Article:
Guillam DU BOIS
Haarlem 1625 – 1680 Haarlem
Cottages along a wooded road
Black and red chalk; dark brown ink framing lines.
134 x 189 mm (5-1/4 x 7-1/2 in)
|CHAIN LINES:||vertical, 22-24 mm.|
|PROVENANCE:||Jacob de Vos Sr., his sale, Amsterdam, de Vries, Roos, 30-31 October 1833.
J. A. G. Weigel, Leipzig, his sale, Stuttgart, H. G. Gutekunst, 8 May 1883.
Belmon collection, Amsterdam, 1967.
Hans van Leeuwen, Amerongen (L. 2799a), his sale, Amsterdam, Christie’s, 24 November 1992, lot 56, acquired at the sale.
|LITERATURE:||Giltay 1977, p. 152, fig. 11.|
|EXHIBITIONS:||Cat. Bonn/ Saarbrucken/ Bochum 1968-9, no. 38.
Cat. Utrecht 1978, no. 18.
Robinson, Franklin W. and Peck, Sheldon. Fresh Woods and Pastures New: Seventeenth-Century Dutch Landscape Drawings from the Peck Collection. Chapel Hill/ Ithaca/ Worcester. 1999-2001. Published catalogue.
Guillam Du Bois is one of the most interesting landscape draftsmen active in the middle years of the 17th century. He was a member of the Haarlem guild by 1646, and in 1652-53 he traveled in Germany with Dirk Helmbreker, Cornelis Bega, and Vincent Laurensz van der Vinne. This drawing in red and black chalk is typical of the artist at his best: the low, heavy cottages hugging the ground contrast with the short, staccato strokes of the trees and grass.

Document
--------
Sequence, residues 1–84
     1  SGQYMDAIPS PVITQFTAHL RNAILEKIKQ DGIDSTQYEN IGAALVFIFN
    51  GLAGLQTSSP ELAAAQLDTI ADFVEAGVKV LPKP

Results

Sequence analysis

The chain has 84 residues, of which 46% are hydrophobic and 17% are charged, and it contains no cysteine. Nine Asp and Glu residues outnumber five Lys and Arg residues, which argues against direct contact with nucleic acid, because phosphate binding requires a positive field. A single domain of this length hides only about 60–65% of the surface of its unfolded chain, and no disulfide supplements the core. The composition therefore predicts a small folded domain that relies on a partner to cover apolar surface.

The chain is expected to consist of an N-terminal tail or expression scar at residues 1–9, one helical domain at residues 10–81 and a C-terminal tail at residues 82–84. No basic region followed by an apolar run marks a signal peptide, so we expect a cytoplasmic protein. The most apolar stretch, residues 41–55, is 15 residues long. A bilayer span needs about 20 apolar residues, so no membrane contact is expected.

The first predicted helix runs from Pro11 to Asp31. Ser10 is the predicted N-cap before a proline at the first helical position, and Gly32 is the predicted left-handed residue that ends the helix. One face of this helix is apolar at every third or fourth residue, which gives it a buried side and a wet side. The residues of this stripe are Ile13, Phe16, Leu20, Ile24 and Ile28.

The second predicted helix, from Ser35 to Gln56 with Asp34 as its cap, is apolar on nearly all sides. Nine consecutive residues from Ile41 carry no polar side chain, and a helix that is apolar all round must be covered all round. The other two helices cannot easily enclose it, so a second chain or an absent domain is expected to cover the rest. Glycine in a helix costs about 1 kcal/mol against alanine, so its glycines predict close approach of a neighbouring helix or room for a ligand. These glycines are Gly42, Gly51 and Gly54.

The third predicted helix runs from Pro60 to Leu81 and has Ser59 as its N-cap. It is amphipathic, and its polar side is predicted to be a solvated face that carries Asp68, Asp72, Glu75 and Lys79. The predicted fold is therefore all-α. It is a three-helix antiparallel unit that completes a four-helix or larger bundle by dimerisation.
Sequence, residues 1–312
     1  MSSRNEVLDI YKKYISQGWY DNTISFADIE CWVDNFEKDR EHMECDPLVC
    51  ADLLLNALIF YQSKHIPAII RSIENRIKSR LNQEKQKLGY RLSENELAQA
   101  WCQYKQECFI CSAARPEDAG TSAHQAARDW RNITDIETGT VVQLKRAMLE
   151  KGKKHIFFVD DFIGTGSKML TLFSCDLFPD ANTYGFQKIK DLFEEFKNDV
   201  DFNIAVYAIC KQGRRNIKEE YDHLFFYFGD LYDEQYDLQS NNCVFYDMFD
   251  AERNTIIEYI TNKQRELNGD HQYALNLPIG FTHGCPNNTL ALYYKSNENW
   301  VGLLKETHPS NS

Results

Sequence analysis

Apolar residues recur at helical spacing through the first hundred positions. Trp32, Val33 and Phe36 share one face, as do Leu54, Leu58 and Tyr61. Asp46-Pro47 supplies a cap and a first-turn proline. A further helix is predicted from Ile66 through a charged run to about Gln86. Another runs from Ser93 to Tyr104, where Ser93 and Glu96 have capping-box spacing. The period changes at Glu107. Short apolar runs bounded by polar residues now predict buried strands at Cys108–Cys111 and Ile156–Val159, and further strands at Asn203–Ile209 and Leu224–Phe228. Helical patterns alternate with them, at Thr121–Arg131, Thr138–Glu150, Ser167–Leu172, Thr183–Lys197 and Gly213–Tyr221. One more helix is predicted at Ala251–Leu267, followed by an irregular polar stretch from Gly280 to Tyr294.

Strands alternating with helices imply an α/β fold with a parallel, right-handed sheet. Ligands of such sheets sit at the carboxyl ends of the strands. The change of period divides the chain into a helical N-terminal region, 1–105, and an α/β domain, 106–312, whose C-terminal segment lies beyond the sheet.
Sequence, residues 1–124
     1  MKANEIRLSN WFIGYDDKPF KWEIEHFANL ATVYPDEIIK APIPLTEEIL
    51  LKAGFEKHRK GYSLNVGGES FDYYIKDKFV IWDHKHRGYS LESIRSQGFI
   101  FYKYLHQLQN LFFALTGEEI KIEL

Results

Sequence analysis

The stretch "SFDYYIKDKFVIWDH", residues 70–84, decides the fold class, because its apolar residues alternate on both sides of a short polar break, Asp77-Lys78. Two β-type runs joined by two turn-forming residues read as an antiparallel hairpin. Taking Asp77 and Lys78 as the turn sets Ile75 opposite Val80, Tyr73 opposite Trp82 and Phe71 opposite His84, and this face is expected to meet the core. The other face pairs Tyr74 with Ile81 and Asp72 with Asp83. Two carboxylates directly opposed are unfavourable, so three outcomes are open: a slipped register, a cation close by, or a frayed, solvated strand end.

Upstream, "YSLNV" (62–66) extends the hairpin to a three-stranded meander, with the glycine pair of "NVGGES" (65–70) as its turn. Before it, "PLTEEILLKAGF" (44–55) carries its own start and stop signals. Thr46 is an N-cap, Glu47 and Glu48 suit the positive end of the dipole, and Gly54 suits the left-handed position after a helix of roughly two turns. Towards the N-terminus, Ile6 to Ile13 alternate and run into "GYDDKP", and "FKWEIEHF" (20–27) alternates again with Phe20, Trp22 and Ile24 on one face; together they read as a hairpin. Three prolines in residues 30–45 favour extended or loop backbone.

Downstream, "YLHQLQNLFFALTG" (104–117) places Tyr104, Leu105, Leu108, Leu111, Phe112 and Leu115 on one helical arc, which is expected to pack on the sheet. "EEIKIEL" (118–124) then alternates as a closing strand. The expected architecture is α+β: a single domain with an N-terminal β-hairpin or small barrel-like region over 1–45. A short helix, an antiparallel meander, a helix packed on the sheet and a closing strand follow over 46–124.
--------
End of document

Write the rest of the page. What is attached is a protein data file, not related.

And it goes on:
In many ways, Du Bois is a transitional figure; he responds to early landscapists, such as Salomon van Ruysdael, Jan van Brosterhuisen, and Pieter Molyn, but is clearly influenced by Jacob van Ruisdael, Salomon’s nephew. Jacob’s dense and heavy paintings and etchings of the late 1640s, with their gnarled and twisting trees and impenetrable underbrush, are close to Du Bois’s less monumental, but equally intense, and intimate forest and village scenes.
Jeroen Giltay (op. cit.) dates this drawing to c. 1647 on the basis of a closely related painting, dated 1646, in the Staatliche Museen, Berlin.
Remarkable similarities in the nature and orientation of the paper, framing lines and old mounting suggest that the two Du Bois drawings here are from the same period in the artist’s work and that they may have had a shared provenance in the 17th and 18th centuries.